School of Civil Engineering

Mentor: Kim Baber, Joe Gattas

Top image from: http://www.extechinc.com/about-us/news/181-cellular-polycarbonate-modern-material-in-aircraft-hangar-design-and-construction.html 

Project TeamJordan Hunter, Anna Vallero, Jack Buckhorn, Kevin Plasencia, Frazer McCloy, Sophie Wier


Project Brief

Materials can ‘behave’ in different ways, dependent upon their internal composition and the scale in which they are deployed in buildings. Material science has invented many new materials, many of which behave structurally at a micro or molecular scale. At the other end of the material scale, advances in fabrication technology have allowed a new range of ‘composite’ materials to be invented that combine the beneficial properties of two (or more) materials to behave in a specific and often unique way.

Students in this Icarus project are invited to work with students in the UQ School of Architecture to will be investigate novel developments of composite materials/structures that combine transparent and translucent sheet materials such as polycarbonate, fibreglass, and acrylic, with CNC machined timber. The intent is to investigate composite materials/structures in which the combination of 2 materials could be stronger than the sum of its parts, but also yield unique architectural qualities in the way that they transmit light into space, and also potentially, ‘dematerialise’ the presence of the structure.

Image: Plasencia Auditorium and Congress, Architects: Selgas Cano


Project Report

Introduction

Current fabrication technology allows a range of composite materials to be invented which combine the beneficial properties of two (or more) materials where the sum of the materials can be stronger than the sum of its parts. Coupled with particular architectural interest  into materials with light transmitting qualities,  the challenge was created to create a composite transparent/translucent structure with a high strength capacity. Developments in technology have allowed these composite structures to be constructed which offer unique strength and aesthetic properties.

Background

The aim of the project was to investigate novel developments of composite materials/structures that combine transparent and translucent sheet materials such as polycarbonate, fibreglass, and acrylic, with CNC machined timber. The intent is to investigate composite materials/structures in which the combination of two materials could be stronger than the sum of its parts, but also yield unique architectural qualities in the way that they transmit light into space, and also potentially, ‘dematerialise’ the presence of the structure. Aided by computer software, the team was able to develop an accurate model which could be constructed using appropriate equipment.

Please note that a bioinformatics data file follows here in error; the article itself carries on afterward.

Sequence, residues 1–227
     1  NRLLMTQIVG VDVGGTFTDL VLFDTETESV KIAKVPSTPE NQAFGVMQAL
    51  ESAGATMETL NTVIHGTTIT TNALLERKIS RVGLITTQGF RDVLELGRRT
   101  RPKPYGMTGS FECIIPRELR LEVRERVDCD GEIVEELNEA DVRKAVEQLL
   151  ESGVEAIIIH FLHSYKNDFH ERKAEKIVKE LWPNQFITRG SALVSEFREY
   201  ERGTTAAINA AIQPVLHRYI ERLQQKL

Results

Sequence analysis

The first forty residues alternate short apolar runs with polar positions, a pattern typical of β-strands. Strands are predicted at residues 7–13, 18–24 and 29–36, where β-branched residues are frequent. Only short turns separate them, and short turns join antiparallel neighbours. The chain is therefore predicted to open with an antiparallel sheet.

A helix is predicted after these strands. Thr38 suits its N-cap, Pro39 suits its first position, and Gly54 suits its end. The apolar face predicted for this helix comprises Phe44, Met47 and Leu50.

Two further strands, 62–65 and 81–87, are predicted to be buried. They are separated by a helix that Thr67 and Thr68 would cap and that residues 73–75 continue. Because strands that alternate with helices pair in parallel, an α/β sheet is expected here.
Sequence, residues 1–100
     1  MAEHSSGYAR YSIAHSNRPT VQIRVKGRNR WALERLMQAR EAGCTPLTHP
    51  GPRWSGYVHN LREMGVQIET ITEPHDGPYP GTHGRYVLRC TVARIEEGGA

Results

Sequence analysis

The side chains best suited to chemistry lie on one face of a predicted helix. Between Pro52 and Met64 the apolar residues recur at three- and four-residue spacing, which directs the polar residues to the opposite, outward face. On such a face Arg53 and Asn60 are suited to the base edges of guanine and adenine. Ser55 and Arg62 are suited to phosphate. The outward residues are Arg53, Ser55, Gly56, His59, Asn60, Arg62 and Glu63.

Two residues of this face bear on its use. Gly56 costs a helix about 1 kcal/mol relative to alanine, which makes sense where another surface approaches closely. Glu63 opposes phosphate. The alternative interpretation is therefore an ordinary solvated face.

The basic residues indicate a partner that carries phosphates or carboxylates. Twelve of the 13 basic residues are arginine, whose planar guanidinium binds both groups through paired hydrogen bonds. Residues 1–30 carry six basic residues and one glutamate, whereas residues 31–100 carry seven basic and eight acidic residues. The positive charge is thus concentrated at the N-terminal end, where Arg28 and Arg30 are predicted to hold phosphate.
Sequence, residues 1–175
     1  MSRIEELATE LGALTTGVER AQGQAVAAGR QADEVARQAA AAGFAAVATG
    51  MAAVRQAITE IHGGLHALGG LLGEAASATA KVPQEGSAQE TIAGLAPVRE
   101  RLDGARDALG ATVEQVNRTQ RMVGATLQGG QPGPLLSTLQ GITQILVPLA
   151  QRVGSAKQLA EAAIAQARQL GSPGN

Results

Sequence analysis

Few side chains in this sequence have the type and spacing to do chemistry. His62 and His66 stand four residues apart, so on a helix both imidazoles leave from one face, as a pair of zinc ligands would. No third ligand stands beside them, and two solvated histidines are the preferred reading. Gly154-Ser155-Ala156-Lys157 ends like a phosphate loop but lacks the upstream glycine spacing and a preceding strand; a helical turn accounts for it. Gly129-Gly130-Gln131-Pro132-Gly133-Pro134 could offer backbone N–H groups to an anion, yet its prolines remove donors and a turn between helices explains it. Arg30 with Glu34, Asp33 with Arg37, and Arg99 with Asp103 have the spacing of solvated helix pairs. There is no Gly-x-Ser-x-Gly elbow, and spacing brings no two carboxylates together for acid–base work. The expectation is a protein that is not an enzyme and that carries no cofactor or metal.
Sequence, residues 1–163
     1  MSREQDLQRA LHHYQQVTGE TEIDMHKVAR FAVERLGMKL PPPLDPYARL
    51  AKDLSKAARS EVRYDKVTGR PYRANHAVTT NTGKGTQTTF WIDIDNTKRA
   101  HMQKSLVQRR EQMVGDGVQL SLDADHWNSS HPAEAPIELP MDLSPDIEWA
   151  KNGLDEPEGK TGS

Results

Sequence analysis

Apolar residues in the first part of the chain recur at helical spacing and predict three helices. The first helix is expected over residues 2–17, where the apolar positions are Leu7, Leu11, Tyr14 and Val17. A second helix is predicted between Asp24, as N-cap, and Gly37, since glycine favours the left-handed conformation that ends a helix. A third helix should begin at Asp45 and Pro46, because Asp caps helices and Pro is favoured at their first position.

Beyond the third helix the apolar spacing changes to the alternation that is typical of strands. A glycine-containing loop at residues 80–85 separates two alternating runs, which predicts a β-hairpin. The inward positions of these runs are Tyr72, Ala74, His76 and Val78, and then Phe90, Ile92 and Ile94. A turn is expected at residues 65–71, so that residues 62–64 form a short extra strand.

Results

Timber base core sections were arranged into a sandwich panel grid to add a strength component to an outer layer of transparent corrugated polycarbonate. The timber base core sections where created using parametric computation with Rhino plug-in Grasshopper to describe the geometry of the pieces to adapt to the ondular corrugation of the polycarbonate sheets. The purpose of this was so that contractions in the corrugations caused by bending were accurate given the altering radius of curvature of the bend for the inner and outer sections. Prototype testing under 3-point bending and axial compression tests helped determine load capacities for different grid spacing within the timber core. 

Conclusions

With modern architecture exploring of unique transparent/translucent structures, a problem has been created with regards to the structural properties of such assemblies. The developed composite sandwich panel demonstrated the benefit of the polycarbonate as it was able to keep the structure upright and strong despite large deformations and buckling to the timber component. The combination of timber and translucent polycarbonate was considered to be an effective composite structure which provides desirable aesthetic and structural properties, however further research should be done to increase the structural capacity for optimal commercial use.

Figure: Early prototypes

Figure: Rhino/Grasshopper component development

Figure: Final structure